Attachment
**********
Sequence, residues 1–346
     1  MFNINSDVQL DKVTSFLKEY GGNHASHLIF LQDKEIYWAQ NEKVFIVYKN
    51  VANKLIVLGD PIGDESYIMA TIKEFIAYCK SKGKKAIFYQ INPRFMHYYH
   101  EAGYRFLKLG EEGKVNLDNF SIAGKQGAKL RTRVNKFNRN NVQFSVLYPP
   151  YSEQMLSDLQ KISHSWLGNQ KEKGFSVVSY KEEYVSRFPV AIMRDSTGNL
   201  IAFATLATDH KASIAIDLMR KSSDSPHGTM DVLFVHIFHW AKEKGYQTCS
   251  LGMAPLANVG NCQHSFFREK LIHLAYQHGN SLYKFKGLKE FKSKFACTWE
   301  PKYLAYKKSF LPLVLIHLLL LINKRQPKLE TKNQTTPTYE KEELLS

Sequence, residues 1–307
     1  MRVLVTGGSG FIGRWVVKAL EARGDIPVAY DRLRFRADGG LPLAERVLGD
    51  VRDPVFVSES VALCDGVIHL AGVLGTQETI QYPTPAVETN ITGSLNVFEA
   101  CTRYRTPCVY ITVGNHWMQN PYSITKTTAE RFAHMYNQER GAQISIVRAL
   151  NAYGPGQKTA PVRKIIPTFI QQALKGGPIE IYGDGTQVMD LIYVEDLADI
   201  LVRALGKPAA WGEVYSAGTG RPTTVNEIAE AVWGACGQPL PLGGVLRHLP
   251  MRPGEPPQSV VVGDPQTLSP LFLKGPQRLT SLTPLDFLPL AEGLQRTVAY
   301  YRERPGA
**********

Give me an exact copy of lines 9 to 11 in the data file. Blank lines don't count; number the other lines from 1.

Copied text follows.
Sequence, residues 1–307
     1  MRVLVTGGSG FIGRWVVKAL EARGDIPVAY DRLRFRADGG LPLAERVLGD
    51  VRDPVFVSES VALCDGVIHL AGVLGTQETI QYPTPAVETN ITGSLNVFEA